Much of the interest in the ACE D/I polymorphism can be attributed to the intriguing and well-documented correlation of the marker with plasma and tissue ACE levels that explains a sizable fraction of their variance and that would seem on the surface to tie in logically with an increased disease risk in carriers of the D allele: higher plasma ACE levels associated with the D allele are perceived as indicating an “activated” state of the renin-angiotensin system, which is viewed as pathogenic, mainly by inference based on beneficial effects of ACE inhibition in a number of disorders and from in vitro data demonstrating trophic effects of angiotensin II. Surprisingly, almost all investigations, including the present one, fail to take what would seem the logical next step, namely, to measure ACE activities and to carry out linear regression on this variable. Moreover, only one study4 so far has evaluated angiotensin levels—the ultimately relevant parameter, if this pathway is to be involved, with respect to the D/I polymorphism—and it found no correlation. (The reservation that measurements of plasma ACE may be irrelevant because they may not reflect tissue levels is a priori a valid one; however, in view of evidence for parallel gradients of ACE activity in tissues and plasma in association with the D/I genotype, this argument would seem less convincing.) Could it be that the ease with which PCR-based genotyping is accomplished today is luring clinical investigators into relying too much on a potentially powerful but equally dangerous strategy? Since basic biomedical research, with the impending completion of the human genome project, is swiftly reorienting its emphasis from genome to proteome and beyond, applied clinical-epidemiological genetic research must not forget its forte in protein biochemistry and integrative physiology to validate results from genetic studies.
If confirmed, the findings by Amant and coworkers are likely to attain direct practical importance in clinical medicine by providing a tool for risk assessment and prognostication. They would also most certainly be of paradigmatic character by providing an example for the degree of complexity we are to expect for gene-environment interactions that contribute to disease manifestations. It will be essential to demonstrate the functional substrate of what thus far is purely an observation before addressing the possibility of targeted intervention, as alluded to by the authors. Above all, we must recognize that complex disease genetics is still very much a developing discipline, that at the present time there are no patent answers to the many questions concerning investigative strategies and interpretation of results, and that we are all part of an ongoing learning process. Although we must expect that once the dust settles, much of what has been and is being published will appear obsolete, every piece of data represents a small step along this learning process that will, we hope, eventually allow us to apply the new tools to true and tangible progress in what has been termed “disease management,” that is, the individualized, risk factor profile–guided approach toward prevention and treatment of illness.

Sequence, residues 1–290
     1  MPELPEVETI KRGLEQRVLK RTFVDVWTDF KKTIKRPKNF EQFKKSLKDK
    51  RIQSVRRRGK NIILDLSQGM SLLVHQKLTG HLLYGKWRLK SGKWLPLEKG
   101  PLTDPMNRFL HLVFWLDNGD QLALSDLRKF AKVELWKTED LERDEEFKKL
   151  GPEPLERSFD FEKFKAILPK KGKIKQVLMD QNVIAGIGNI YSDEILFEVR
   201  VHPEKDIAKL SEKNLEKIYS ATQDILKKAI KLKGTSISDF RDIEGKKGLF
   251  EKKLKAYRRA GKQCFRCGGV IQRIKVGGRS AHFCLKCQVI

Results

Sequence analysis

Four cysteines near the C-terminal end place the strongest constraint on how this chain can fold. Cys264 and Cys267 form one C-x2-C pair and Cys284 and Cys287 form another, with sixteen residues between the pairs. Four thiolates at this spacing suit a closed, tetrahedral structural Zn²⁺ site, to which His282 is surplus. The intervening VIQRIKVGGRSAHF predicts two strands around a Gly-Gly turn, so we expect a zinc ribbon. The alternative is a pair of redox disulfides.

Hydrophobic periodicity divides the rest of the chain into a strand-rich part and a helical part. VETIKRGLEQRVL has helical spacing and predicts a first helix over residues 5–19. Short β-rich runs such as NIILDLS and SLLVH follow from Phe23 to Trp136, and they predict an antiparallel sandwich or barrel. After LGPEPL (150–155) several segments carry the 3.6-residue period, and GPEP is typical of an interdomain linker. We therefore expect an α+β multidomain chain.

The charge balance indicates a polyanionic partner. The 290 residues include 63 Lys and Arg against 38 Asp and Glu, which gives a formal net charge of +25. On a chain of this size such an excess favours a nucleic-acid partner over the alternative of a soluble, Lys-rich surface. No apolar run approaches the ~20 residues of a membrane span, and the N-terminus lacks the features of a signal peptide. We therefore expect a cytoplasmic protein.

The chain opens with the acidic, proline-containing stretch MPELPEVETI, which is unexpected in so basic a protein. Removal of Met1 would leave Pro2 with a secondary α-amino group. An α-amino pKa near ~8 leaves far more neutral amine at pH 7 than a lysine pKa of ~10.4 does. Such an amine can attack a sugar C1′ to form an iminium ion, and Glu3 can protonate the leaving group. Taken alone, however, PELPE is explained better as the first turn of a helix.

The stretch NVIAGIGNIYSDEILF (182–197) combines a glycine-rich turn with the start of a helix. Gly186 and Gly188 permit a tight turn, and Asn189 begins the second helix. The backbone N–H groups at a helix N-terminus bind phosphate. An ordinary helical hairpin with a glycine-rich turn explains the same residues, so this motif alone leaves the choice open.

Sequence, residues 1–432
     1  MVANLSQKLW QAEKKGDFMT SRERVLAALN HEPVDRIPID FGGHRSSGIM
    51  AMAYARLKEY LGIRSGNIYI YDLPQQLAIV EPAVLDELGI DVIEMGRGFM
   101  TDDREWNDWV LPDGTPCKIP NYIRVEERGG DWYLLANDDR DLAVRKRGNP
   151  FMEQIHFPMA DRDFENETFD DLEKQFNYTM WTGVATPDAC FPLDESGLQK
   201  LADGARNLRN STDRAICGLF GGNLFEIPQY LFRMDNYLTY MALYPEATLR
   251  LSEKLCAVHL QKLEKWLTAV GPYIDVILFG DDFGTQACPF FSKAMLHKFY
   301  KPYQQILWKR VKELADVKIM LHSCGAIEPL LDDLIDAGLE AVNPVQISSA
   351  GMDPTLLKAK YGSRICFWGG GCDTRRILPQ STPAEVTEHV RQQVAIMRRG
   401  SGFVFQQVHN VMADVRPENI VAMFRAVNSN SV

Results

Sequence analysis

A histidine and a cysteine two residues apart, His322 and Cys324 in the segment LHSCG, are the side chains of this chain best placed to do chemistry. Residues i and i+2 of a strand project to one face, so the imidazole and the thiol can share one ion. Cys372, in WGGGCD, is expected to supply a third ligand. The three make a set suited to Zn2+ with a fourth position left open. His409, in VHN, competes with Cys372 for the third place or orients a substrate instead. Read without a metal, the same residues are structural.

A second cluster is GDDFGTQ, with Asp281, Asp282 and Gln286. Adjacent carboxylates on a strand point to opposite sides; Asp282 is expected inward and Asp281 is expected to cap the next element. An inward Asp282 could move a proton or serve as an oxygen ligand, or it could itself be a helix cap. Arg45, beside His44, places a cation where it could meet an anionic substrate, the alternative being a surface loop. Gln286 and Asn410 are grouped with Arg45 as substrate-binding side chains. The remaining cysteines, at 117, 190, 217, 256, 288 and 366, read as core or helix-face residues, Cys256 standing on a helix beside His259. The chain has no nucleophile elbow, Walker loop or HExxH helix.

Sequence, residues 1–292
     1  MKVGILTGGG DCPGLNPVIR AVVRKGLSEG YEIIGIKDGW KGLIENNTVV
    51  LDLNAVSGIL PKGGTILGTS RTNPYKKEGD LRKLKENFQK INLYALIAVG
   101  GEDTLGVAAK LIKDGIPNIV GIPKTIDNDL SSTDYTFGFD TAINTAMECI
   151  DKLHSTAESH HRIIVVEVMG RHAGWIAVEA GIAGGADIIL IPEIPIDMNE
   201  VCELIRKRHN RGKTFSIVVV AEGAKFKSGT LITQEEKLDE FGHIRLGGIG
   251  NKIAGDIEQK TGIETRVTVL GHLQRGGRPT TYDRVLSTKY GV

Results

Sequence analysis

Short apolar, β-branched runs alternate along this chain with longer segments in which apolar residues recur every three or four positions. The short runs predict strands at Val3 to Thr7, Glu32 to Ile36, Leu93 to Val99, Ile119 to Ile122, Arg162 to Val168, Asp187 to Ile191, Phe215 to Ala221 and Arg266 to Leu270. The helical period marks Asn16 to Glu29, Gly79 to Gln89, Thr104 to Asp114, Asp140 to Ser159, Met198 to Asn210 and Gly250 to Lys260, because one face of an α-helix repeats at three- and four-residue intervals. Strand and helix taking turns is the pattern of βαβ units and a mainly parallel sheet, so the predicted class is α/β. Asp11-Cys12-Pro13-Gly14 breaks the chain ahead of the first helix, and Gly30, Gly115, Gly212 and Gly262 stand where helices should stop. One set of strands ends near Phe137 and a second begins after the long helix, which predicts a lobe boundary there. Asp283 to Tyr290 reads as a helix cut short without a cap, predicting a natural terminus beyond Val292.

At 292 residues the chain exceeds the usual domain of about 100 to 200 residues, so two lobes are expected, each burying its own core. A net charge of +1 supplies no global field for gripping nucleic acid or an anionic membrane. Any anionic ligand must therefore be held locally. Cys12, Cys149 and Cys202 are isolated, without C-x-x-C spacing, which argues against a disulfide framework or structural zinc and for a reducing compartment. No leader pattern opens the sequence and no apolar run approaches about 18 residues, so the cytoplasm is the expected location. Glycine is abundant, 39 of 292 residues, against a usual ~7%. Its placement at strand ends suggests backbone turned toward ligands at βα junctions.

The opinions expressed in this editorial are not necessarily those of the editors or of the American Heart Association.
- Copyright © 1997 by American Heart Association
Amant C, Bauters C, Bodart J-C, Lablanche J-M, Grollier G, Danchin N, Hamon M, Richard F, Helbecque N, McFadden EP, Amouyel P, Bertrand ME. D allele of the angiotensin I–converting enzyme is a major risk factor for restenosis after coronary stenting. Circulation. 1997;96:56-60.
Samani NJ, Thompson JR, O’Toole L, Channer K, Woods KL. A meta-analysis of the association of the deletion allele of the angiotensin-converting enzyme gene with myocardial infarction. Circulation. 1996;94:708-712.
Lander ES, Kruglyak L. Genetic dissection of complex traits: guidelines for interpreting linkage results. Nat Genet. 1995;11:229-241.
Harrap SB, Davidson HR, Connor JM, Soubrier F, Corvol P, Fraser R, Foy CJ, Watt GC. The angiotensin I converting enzyme gene and predisposition to high blood pressure. Hypertension. 1993;21:455-460.